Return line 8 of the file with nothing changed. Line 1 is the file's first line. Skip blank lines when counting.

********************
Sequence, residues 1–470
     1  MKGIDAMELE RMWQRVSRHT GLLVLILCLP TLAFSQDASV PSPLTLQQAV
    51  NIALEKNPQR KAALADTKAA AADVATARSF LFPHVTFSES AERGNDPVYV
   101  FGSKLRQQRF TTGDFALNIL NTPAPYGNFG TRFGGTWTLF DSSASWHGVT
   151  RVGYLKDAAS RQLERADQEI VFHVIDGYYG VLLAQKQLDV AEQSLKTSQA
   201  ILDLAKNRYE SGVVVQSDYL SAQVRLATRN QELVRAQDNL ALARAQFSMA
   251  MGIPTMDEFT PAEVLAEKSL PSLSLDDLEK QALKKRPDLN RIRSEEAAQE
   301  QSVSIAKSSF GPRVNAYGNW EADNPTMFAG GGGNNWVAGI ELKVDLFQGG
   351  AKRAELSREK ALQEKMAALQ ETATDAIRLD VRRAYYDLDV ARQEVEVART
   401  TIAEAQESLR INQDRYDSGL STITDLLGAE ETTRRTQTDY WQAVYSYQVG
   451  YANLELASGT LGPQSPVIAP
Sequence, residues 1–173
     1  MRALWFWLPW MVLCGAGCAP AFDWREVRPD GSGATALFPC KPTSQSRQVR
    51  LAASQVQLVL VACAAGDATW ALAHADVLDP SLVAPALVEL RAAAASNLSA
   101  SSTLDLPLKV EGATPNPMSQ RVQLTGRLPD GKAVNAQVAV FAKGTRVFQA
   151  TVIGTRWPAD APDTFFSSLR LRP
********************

   301  QSVSIAKSSF GPRVNAYGNW EADNPTMFAG GGGNNWVAGI ELKVDLFQGG